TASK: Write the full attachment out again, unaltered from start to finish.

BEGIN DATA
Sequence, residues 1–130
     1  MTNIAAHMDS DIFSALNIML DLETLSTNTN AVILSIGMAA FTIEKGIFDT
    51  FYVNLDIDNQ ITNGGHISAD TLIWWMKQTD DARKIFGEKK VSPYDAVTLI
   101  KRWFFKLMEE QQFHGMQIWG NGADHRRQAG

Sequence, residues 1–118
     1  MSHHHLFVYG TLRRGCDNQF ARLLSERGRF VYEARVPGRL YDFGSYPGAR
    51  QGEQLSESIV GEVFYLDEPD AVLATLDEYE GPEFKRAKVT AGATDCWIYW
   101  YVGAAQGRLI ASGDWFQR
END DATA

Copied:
Sequence, residues 1–130
     1  MTNIAAHMDS DIFSALNIML DLETLSTNTN AVILSIGMAA FTIEKGIFDT
    51  FYVNLDIDNQ ITNGGHISAD TLIWWMKQTD DARKIFGEKK VSPYDAVTLI
   101  KRWFFKLMEE QQFHGMQIWG NGADHRRQAG

Sequence, residues 1–118
     1  MSHHHLFVYG TLRRGCDNQF ARLLSERGRF VYEARVPGRL YDFGSYPGAR
    51  QGEQLSESIV GEVFYLDEPD AVLATLDEYE GPEFKRAKVT AGATDCWIYW
   101  YVGAAQGRLI ASGDWFQR